Boston Public Library

The Methodist Episcopal Church became the second Black church founded in Boston. In the early 1800s, many African Americans attended the Bromfield Street Methodist Episcopal Church. In 1818, this church helped to establish a separate Black Methodist church by hiring the Rev. Samuel Snowden. This church became known as the Revere Street Methodist Episcopal Church.[4] They met at various locations until the New England Methodist Conference purchased a building on Revere (originally May) Street in 1823. This church moved in 1835 to a larger building on Revere Street. The Rev. Snowden, like the ministers who followed him, actively participated in antislavery activities, such as the Underground Railroad. Influential members of the church included David Walker, an antislavery advocate and author of the Appeal to the Coloured Citizens of the World and Expressly to the Coloured Citizens of the United States.[5] After the Bromfield Street Church, which owned the Revere Street Church building, sold the building in 1903, the Revere Street Church no longer had a place to meet in Beacon Hill. They moved into a church in the South End in 1911 and again into another building in 1949. This church remains today on Columbus Avenue and is known as the Union United Methodist Church.

The First African Methodist Episcopal Bethel Society of Boston, later known as the Charles Street AME Church, organized in November 1833. Itinerant minister Noah Caldwell Cannon organized this church and served as its first minister. The church grew slowly in its early years. By 1844, they purchased a building on Anderson Street. The church remained there until 1876 when they purchased Charles Street Meeting House. In the later 1800s and early 1900s, the church hosted numerous community meetings as well as the First National Conference of Colored Women in America in 1895. In 1939, it became the last Black institution to leave Beacon Hill. The congregation is now located on Warren Street in Roxbury.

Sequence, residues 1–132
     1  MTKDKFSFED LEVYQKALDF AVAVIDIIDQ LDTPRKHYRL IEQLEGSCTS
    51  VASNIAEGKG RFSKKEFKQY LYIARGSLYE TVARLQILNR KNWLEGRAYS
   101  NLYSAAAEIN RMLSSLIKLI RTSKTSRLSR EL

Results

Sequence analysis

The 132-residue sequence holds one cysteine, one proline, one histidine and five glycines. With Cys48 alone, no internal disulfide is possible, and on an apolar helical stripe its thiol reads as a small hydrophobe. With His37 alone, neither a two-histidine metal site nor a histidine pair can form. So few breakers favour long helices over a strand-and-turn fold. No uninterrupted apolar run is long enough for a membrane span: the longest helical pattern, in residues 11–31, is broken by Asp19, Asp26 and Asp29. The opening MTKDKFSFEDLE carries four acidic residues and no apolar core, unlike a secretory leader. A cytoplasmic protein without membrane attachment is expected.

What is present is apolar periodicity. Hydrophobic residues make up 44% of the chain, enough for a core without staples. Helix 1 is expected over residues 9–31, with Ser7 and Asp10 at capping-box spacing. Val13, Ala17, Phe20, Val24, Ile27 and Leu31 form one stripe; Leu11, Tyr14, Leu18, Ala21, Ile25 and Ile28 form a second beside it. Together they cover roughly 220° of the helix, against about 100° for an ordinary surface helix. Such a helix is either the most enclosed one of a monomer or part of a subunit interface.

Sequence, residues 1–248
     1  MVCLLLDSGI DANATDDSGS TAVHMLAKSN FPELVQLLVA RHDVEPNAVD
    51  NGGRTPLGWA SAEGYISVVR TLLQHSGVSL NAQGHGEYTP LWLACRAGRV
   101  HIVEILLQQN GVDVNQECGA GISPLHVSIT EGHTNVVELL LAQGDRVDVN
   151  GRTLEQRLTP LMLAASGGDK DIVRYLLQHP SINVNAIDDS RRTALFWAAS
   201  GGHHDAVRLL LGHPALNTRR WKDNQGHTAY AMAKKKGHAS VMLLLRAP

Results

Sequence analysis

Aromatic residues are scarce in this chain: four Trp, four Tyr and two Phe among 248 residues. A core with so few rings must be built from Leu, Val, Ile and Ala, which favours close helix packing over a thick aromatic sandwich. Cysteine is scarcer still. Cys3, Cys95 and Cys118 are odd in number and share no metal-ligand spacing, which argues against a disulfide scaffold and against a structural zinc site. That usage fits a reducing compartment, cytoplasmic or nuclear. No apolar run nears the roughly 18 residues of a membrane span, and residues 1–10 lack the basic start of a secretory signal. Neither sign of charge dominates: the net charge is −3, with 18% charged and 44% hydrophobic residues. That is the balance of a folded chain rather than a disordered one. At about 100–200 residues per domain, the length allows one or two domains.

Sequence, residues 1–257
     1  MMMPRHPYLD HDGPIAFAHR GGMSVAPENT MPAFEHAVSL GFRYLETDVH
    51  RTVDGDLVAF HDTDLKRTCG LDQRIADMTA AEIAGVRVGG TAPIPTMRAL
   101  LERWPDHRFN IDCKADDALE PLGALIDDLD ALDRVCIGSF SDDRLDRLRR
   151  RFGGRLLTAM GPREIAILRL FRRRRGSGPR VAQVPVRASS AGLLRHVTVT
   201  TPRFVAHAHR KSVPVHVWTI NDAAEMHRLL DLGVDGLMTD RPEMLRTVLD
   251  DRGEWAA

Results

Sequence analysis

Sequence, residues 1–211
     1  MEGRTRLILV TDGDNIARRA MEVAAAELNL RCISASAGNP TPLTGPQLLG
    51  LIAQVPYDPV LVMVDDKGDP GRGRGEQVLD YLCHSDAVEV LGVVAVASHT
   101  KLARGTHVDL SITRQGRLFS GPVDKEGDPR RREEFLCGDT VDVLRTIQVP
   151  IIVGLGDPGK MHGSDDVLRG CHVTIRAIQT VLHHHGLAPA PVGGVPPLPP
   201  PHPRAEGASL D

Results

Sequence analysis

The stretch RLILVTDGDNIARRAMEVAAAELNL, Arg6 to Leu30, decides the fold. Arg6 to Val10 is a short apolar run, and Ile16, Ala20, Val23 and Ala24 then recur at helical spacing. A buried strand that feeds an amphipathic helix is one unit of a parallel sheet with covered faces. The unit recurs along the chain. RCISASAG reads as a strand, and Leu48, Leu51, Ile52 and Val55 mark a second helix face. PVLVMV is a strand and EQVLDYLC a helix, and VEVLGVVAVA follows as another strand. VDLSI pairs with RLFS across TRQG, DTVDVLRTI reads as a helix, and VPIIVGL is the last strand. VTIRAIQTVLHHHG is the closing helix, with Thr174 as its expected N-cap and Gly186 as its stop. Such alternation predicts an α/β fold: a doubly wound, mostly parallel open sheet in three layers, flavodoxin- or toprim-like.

The Columbus Avenue AME Zion Church, as it is known today, began in 1838 when seventeen people withdrew from the Revere Street Methodist Church. They left to associate themselves with the African Methodist Episcopal Zion denomination, an organization led by African Americans. Appointed at the Annual Conference in 1838, the Rev. Jehiel C. Beman served as the church’s first minister. Like other Black religious leaders, Beman also played a major role in the antislavery movement. By October 1840, the church had over 140 members and in 1841 they moved into a small chapel, sometimes known as Rush Chapel, on West Center (now Anderson) Street.[6] Eliza A. Gardner, a prominent abolitionist and women’s rights leader, went to this church for over 75 years and held leadership positions there. The church moved to North Russell Street in 1866 and to Columbus Avenue in the South End in 1902.